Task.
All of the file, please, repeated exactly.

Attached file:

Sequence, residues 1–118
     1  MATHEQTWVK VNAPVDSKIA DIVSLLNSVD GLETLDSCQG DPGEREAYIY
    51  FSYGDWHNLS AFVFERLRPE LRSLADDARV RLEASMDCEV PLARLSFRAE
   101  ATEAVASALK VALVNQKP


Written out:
Sequence, residues 1–118
     1  MATHEQTWVK VNAPVDSKIA DIVSLLNSVD GLETLDSCQG DPGEREAYIY
    51  FSYGDWHNLS AFVFERLRPE LRSLADDARV RLEASMDCEV PLARLSFRAE
   101  ATEAVASALK VALVNQKP